On the Prowlby Christine Warren
On the Prowl
Most girls would throw a fit if their parents tried to set up an arranged marriage for them. It's so outrageously old-fashioned--even for a Tiguri family, members of a fierce race of shapeshifting weretigers. But Saskia isn't getting her claws out just yet. She'll go through with this marriage/i>/p>/b>/p>/b>… See more details below
On the Prowl
Most girls would throw a fit if their parents tried to set up an arranged marriage for them. It's so outrageously old-fashioned--even for a Tiguri family, members of a fierce race of shapeshifting weretigers. But Saskia isn't getting her claws out just yet. She'll go through with this marriage to help unite two powerful families--and because her husband-to-be Nicolas Preda is the sexiest, hunkiest, and only man she's ever wanted…
Of course, marrying an alpha male like Nic comes with its share of danger. As leader of his Streak and head of a global corporation, Nic and his new fiancée must take their places in the jungles of Manhattan--and the local Others seem to have a strict "no pets" policy. In fact, the Council seems to think the Tiguri are at the root of all their problems, including an attempt on the life of its leader. If Nic hopes to protect his name and his mate, it's hunt or be hunted--and he can't do it alone. But if anyone can bring out the beast in him, it's the sexy, savage tigress he's sworn to love…
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On the Prowl
By Christine Warren
St. Martin's PressCopyright © 2012 Christine Warren
All rights reserved.
Her feet hurt, but not half as much as her face.
Saskia Arcos stood in front of the elegant marble fireplace, flanked by three imposing male figures, and wished desperately that this quote-unquote happiest moment of her life had included a couple of aspirin. Or maybe a morphine drip.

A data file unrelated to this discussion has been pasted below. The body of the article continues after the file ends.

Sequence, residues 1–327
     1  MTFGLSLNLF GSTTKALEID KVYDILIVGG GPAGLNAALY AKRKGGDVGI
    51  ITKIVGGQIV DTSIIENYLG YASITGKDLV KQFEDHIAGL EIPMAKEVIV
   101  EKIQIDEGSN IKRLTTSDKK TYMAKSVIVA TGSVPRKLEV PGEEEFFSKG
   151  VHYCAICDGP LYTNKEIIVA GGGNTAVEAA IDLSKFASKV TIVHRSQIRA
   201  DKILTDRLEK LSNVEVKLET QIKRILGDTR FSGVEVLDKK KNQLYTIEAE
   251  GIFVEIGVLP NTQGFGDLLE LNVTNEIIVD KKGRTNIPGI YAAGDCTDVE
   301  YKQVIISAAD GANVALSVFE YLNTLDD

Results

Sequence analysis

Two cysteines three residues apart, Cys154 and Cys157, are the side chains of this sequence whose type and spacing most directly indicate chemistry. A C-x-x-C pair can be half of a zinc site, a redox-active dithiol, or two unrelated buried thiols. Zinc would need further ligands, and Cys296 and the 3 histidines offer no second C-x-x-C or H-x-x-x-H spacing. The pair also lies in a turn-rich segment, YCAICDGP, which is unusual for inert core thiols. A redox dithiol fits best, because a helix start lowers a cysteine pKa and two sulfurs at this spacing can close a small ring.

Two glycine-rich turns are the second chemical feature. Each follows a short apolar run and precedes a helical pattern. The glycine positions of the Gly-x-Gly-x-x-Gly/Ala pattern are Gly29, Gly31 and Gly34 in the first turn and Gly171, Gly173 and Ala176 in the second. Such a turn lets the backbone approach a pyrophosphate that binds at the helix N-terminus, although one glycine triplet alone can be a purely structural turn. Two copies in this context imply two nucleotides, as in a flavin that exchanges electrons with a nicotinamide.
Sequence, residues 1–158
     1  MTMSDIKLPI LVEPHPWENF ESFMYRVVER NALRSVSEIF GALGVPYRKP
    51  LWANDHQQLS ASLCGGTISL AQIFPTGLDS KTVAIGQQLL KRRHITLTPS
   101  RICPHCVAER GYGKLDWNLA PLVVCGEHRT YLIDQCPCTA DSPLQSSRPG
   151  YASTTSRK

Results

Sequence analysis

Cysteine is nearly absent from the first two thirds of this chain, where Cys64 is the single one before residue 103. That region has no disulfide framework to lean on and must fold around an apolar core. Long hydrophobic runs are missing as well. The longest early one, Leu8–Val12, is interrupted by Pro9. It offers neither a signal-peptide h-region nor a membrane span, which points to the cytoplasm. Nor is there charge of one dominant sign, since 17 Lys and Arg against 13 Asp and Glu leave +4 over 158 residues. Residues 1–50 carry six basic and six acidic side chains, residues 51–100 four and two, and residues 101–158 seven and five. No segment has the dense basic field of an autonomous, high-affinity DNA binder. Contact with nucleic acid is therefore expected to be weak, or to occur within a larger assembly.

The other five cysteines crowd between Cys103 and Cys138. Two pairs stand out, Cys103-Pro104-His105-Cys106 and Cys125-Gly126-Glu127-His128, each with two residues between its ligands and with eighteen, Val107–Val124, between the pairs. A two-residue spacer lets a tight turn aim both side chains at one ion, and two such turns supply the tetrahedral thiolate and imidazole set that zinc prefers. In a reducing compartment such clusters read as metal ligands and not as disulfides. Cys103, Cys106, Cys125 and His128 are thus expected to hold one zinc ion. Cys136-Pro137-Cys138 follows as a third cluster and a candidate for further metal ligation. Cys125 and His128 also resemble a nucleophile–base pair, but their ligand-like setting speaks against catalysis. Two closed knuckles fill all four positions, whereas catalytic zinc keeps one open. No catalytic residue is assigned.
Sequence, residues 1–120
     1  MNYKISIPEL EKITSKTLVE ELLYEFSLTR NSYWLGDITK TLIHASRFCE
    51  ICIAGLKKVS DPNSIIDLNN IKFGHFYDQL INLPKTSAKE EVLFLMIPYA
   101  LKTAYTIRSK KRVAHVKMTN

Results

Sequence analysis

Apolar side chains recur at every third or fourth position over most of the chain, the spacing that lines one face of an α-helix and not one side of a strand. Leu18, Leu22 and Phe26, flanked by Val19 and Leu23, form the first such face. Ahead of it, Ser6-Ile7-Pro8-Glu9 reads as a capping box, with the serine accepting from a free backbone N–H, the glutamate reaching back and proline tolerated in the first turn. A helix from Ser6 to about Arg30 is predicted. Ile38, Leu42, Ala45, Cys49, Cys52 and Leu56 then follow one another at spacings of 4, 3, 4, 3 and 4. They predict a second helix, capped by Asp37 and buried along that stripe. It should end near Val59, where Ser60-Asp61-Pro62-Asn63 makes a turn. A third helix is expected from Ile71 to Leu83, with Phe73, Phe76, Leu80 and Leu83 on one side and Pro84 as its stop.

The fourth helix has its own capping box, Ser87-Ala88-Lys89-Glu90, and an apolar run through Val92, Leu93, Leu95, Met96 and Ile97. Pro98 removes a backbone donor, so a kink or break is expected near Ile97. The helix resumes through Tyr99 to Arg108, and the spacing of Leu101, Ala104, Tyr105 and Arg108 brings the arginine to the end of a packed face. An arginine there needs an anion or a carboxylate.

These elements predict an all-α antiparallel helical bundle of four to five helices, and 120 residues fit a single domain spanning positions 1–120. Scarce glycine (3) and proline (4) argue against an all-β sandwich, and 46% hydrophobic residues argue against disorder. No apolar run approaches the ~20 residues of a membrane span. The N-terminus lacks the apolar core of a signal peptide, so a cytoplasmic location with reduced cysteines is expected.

"We would like to thank all of you for joining us tonight for this wonderful occasion," her father boomed over the low buzz of conversation and curiosity, holding his champagne glass up in front of him like he'd just seized the banner in a well-fought round of Capture the Flag. Though not a large man, her father knew how to command a room. Imposing, after all, had relatively little to do with size, as two out of the three demonstrated clearly. "Joy like this is meant to be shared with friends and community. We are grateful to have each and every one of you with us tonight to bear witness as we join our families and our futures. To the happy couple!"
"The happy couple!"
The toast echoed through the high-ceilinged ballroom, the rumble of hundreds of voices nearly knocking Saskia back into the fire. Her own champagne sloshed in her glass as she swayed precariously. A hard-muscled arm slipped around her waist to steady her.
The quiet murmur drifted down to her, and Saskia looked up reflexively, straight into the gaze she'd been avoiding all evening. Green eyes stared down at her, their expression unreadable in spite of the flecks of molten gold sparkling in their depths. Even in the well-lit ballroom, Nicolas Preda's face gave away none of his feelings. Assuming, of course, that he had any.
"I can only echo Gregor's words and hope that this union proves to be a long and fruitful one." Stefan Preda's deep voice had hoarsened slightly with age, but the steel in it matched the resolve Saskia could see behind his son's calm mask. Neither man was one to trifle with. The son stood a head taller than the father, his shoulders wider and chest broader, but the pattern card shone through in the set of the jaw, the tilt of the head, and the glitter in the deep green eyes.
She suppressed a shiver.
"To Nicolas and Saskia!" Stefan proclaimed.
Once again, the room repeated the words and raised their glasses to the couple in front of them.
"I think that's our cue."
Confused as she was, Saskia knew better than to frown in front of her father's five hundred guests, but she felt her smile freeze when the towering figure beside her shifted. His words penetrated her social fog a split second before warm male lips settled firmly over hers.
Nicolas was kissing her.